Caldwell County is a county located in the U.S. state of Texas. It is part of the Austin-Round Rock metropolitan area. In 2000, the population was 32,194. Its county seat is Lockhart...

 holds a four-day festival to celebrate its place on the Chisholm Trail. Newton, Kansas
Newton, Kansas
Newton is a city in and the county seat of Harvey County, Kansas, United States. As of the 2010 census, the city population was 19,132. Newton is located north of Wichita and is included in the Wichita metropolitan statistical area...

 also holds a three to four day Chisholm Trail Festival, combining it with the annual Fourth of July celebration.

On September 26, 2009, a historical marker on the Chisholm Trail was unveiled at the site of the Red River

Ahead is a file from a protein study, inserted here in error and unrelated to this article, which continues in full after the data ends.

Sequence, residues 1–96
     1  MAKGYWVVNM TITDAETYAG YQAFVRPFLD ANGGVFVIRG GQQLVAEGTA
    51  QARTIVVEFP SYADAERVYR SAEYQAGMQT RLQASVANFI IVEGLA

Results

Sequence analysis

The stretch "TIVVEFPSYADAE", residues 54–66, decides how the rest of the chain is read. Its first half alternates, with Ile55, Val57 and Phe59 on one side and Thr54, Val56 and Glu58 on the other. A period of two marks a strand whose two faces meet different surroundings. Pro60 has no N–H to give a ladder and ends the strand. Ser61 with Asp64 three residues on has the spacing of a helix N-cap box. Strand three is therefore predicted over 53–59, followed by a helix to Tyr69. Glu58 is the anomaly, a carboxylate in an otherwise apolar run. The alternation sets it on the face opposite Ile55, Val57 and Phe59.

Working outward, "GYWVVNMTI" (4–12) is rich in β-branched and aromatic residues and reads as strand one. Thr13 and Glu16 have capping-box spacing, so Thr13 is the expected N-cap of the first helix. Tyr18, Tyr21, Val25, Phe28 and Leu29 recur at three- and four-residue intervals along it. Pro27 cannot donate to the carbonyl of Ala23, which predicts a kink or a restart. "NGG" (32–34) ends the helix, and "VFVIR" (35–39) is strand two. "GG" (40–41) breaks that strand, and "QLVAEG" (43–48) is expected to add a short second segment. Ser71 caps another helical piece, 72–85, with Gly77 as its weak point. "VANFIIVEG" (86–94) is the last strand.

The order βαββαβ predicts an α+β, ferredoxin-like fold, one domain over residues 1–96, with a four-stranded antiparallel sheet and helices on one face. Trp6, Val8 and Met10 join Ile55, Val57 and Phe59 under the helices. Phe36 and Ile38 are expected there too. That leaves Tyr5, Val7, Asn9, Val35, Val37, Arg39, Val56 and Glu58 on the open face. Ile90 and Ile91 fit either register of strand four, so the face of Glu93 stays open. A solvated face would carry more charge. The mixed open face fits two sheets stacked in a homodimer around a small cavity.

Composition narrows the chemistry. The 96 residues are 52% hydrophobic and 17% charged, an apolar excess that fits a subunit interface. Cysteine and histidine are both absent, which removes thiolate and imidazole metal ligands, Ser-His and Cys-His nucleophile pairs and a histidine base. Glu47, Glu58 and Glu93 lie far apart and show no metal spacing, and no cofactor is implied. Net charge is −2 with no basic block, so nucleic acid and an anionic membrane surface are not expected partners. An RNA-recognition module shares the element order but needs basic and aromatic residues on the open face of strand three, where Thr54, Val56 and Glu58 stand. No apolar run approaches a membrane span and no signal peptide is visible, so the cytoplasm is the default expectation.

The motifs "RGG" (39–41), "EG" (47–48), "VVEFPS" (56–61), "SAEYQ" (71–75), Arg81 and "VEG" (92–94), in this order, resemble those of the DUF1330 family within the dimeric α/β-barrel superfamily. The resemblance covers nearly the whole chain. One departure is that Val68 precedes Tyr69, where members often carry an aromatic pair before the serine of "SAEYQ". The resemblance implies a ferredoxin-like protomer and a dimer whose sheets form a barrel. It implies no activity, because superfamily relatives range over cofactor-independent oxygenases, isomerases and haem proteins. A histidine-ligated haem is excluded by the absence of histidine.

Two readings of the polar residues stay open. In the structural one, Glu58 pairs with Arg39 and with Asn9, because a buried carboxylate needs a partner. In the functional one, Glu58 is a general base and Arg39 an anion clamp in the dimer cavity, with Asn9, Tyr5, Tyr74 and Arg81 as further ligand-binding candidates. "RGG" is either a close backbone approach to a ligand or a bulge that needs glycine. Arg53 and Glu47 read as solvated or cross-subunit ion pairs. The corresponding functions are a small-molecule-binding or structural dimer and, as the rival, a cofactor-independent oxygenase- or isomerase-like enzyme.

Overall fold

Red River (Mississippi watershed)
The Red River, or sometimes the Red River of the South, is a major tributary of the Mississippi and Atchafalaya Rivers in the southern United States of America. The river gains its name from the red-bed country of its watershed. It is one of several rivers with that name...

 Station in Montague County
Montague County, Texas
As of the census of 2000, there were 19,117 people, 7,770 households, and 5,485 families residing in the county. The population density was 20 people per square mile . There were 9,862 housing units at an average density of 11 per square mile...

. The 5.5-foot concrete marker is the last of twelve erected in Montague County as part of a joint project of the Texas Lakes and Trails and the Montague County Historical Commission to outline the Chisholm Trail (as said in Wichita Falls Times Record News).

External links

The source of this article is wikipedia, the free encyclopedia.  The text of this article is licensed under the GFDL.